Upfront

Heart disease end run

Even people who are genetically prone to heart disease can improve their heart health by being more active, one of the largest observational studies on fitness and heart disease found.

Mark Smith illustration

The Stanford-led study examined data collected from nearly a half-million people in the UK Biobank database.

Researchers found that people with higher levels of fitness and physical activity have lower levels of such negative health outcomes as coronary artery disease, stroke and atrial fibrillation, regardless of their level for genetic risk of heart disease.

For example, high-risk people who also have high levels of cardio-respiratory fitness have a 49 percent lower risk for coronary heart disease and a 60 percent lower risk for atrial fibrillation compared with study participants with low cardiorespiratory fitness.

Because little has been known about the risk-modifying effects of exercise in people with increased genetic risk of cardiovascular disease, these results could have significant ramifications for public health, the study said.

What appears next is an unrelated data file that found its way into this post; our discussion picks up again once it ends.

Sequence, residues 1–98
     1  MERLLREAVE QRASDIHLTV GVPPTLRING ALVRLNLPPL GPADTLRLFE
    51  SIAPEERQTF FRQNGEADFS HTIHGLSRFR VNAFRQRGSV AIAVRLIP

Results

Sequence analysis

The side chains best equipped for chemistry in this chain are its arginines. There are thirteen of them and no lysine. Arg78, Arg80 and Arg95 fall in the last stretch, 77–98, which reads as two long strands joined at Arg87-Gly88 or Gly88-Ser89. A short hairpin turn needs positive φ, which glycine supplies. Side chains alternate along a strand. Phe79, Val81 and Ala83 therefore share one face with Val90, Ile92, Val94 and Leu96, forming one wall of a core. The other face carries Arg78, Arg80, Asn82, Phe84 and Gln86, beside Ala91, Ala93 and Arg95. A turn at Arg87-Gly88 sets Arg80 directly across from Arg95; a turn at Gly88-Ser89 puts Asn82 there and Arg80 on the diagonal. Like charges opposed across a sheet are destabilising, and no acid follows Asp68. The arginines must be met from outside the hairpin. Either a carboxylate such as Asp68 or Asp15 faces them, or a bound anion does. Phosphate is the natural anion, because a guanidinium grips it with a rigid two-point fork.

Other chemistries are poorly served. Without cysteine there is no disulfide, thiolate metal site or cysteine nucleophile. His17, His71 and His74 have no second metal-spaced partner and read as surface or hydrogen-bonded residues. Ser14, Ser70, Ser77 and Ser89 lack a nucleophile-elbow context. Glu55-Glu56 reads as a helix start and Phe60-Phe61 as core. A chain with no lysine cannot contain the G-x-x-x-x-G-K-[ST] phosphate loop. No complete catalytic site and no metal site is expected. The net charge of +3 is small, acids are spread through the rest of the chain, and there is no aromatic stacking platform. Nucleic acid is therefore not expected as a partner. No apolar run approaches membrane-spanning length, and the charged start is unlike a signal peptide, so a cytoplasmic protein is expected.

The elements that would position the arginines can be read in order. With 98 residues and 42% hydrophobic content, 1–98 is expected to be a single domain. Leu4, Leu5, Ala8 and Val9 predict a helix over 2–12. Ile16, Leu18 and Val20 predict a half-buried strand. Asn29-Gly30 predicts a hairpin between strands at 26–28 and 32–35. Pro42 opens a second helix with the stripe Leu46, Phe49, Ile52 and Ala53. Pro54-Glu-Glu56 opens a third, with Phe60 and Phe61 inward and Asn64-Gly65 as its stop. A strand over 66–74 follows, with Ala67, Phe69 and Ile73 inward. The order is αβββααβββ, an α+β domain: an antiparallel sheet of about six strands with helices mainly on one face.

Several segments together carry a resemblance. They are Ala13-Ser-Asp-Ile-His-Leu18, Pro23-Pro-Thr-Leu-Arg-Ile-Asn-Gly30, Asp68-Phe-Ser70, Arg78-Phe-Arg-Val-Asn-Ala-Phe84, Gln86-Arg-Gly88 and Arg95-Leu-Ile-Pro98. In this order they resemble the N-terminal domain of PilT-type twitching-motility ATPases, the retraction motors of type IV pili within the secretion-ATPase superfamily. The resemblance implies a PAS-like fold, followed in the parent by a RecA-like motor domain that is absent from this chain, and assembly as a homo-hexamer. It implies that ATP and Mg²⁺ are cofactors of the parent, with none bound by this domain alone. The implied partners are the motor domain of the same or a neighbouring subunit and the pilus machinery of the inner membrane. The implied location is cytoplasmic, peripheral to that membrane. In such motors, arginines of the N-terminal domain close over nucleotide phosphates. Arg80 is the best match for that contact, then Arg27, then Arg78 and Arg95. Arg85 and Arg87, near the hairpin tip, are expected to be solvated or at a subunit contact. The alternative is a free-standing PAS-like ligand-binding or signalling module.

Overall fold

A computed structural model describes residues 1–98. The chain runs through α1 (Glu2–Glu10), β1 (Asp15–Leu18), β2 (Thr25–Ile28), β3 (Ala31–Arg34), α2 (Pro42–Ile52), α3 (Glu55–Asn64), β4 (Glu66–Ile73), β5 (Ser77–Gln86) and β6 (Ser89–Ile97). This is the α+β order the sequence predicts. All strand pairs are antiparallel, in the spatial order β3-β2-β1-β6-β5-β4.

“This is important because of how we advise our patients,” said study senior author Erik Ingelsson, MD, PhD, professor of cardiovascular medicine. “It’s basically indicating that you can make some lifestyle changes, be more physically active and it can make a difference to your long-term health.”

A paper describing the research was published April 9 in Circulation.

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